Jürgen Klopp: Inside the mind of Liverpool manager – Marco Reus reveals all

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The German phrase “Luftschlösser bauen” literally translates to “building castles in the air,” a whimsical image indicating the meaning of the idiom: to dream chimerical dreams.

This season, ‘Luftschlösser bauen’ is an idea that could resonate with many Liverpool fans.

In January, Liverpool were a seemingly insurmountable 14 points behind Manchester City in the Premier League; had sent Shrewsbury Town to the fourth round of the FA Cup; was preparing for their round of 16 against Inter Milan in the Champions League; and had just drawn 0-0 with Arsenal in the first leg of the Carabao Cup semi-final.

Winning all four trophies seemed like a pipe dream that was hardly worth dreaming about.

Subsequently, the Reds closed the gap to City in the title race and navigated each knockout round of the cup to keep their hopes of a mathematically unprecedented treble still alive, although a recent game draw against Tottenham Hotspur in the Premier League dealt a severe blow to their title hopes.

For Liverpool to win the Premier League, City now need to slip in their last two games. That seems unlikely given City have won their previous two games 5-0 and 5-1.

The manager who laid the foundations for this remarkable season is of course Jürgen Klopp, who recently extended his contract with Liverpool.

Prior to joining Liverpool, the German managed Borussia Dortmund for seven seasons, guiding the club to a Bundesliga title in 2011 as well as a league and cup double in 2012. Under Klopp, Dortmund also reached a final of the Champions League.

“Jürgen is a special person,” Dortmund captain Marco Reus told CNN senior sports analyst Darren Lewis. “I remember when I moved to Dortmund and had the first conversation with him. When he walks into the room, there’s just something in the air.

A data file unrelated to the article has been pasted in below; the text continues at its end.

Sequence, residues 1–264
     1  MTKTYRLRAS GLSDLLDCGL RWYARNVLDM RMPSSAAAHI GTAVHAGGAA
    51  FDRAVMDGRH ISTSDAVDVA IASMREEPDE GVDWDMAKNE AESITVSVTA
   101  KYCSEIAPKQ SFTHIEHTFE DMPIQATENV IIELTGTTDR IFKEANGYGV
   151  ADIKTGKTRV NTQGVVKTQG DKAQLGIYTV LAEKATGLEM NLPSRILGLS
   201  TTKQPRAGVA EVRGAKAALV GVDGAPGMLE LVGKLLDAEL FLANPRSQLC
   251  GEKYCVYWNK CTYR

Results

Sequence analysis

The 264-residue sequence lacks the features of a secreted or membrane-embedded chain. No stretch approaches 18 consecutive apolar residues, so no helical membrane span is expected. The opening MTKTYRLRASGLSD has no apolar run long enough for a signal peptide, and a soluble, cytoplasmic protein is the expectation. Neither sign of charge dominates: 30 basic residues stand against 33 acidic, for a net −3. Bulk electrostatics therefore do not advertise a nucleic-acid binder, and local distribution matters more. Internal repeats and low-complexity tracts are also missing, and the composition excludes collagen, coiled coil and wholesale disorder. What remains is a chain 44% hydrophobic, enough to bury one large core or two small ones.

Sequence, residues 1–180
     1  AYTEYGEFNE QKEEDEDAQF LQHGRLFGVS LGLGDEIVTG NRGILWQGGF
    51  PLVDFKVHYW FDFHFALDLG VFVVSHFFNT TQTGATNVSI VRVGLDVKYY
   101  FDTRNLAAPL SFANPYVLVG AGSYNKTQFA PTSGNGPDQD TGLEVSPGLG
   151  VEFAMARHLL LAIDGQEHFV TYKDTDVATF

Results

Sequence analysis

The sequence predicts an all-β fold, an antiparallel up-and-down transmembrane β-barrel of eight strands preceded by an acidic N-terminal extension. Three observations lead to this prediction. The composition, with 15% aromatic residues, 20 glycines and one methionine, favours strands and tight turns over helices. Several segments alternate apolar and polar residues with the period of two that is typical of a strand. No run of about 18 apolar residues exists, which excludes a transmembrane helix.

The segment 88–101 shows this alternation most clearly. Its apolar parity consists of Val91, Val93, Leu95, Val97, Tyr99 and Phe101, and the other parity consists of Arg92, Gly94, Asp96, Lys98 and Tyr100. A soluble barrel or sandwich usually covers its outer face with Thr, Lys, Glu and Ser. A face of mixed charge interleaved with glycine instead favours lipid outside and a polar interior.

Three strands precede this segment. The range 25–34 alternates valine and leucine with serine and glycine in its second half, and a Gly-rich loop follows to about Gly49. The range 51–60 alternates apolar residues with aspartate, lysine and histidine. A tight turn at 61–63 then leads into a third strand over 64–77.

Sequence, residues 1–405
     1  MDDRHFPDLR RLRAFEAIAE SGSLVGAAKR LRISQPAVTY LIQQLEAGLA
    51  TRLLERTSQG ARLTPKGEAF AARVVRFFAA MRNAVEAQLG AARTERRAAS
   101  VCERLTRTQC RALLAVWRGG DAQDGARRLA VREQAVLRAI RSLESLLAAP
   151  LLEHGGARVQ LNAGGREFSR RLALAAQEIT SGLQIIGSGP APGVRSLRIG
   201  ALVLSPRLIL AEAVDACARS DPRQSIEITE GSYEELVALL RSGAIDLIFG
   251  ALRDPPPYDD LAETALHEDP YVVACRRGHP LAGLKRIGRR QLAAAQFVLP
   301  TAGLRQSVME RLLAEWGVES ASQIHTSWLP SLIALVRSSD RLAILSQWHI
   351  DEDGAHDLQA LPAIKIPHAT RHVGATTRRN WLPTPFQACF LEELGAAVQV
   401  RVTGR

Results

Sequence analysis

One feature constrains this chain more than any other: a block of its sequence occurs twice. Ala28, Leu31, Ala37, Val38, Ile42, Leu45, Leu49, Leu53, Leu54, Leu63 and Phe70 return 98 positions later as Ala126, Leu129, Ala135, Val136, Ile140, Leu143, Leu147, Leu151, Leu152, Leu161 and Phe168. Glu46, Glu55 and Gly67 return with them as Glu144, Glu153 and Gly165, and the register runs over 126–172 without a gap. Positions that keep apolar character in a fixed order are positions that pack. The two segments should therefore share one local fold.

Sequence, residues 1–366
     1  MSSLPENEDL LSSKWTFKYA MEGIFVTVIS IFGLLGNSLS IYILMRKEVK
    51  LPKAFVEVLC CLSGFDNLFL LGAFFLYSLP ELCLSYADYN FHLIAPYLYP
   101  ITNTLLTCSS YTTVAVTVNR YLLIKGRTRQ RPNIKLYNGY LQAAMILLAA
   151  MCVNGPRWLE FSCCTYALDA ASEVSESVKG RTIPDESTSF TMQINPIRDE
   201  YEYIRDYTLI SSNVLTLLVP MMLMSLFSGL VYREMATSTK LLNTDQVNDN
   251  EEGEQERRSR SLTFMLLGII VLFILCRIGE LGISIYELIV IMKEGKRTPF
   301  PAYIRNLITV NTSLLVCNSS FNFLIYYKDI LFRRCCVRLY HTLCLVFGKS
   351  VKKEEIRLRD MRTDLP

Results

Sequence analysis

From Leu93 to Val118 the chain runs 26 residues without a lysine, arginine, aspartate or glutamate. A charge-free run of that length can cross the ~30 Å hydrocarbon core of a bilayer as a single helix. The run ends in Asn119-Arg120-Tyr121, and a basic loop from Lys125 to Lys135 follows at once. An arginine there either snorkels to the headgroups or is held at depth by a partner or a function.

“He’s charismatic, he’s got a lot of energy and he’s just a good guy to talk to privately about other things, not just football.”

Reus’ association with Klopp dates back to 2012, when Klopp – then Dortmund manager – persuaded him to return to the club where he had been a young player.

In his first season under Klopp after leaving Borussia Mönchengladbach, Reus registered 19 goals and 16 assists in 49 appearances as Dortmund reached the Champions League final where they lost 2-1 to rivals Bayern Munich .

Reus has become a talismanic figure for Dortmund.

“He’s definitely one of the best coaches in the world because otherwise you don’t stay on top that long,” says Reus. “I hope for him that he manages to do it (quadruple) this year and I won’t let it pass.”

When Klopp arrived at Dortmund in 2008, the club had just suffered their worst season in 20 years, finishing 13th in the Bundesliga.

By recruiting smartly – players such as Robert Lewandowski and Jakub Błaszczykowski were signed relatively cheaply – and implementing his now familiar tactic of “gegenpress” – whereby the team immediately tries to regain possession after having lost – Klopp built a title-winning side in three years.

“Before he arrived things weren’t so rosy here and he took the club to another level,” Reus recalled.

“Of course it had a lot to do with him and the team at the time as well.”

“You can’t put that into words because it’s not just one word. It is all the same, I would say, this energy, this will to suffer every day and to make the most of it.

“And, of course, he had a lot of experience in the last few years when he was here, and then also in the early years at Liverpool, which helped him a lot.”

Klopp led Dortmund for seven seasons.

Similarly, at Liverpool, the success the team now enjoys did not materialize right away.

It took Klopp’s charges four years to win the Champions League and another year to win the Premier League title.

“He’s been doing a great job for years here and at Liverpool,” says Reus. “How he built the team, how he built the club, here and at Liverpool, it’s huge. That energy he brings every day, I think, you can only take your hat off to him.

On Saturday, Liverpool face Chelsea in the FA Cup final at Wembley and then Real Madrid in the Champions League final on May 28 in Paris.

For now, the pipe dream – the idea of ​​“building castles in the air” – is still achievable.

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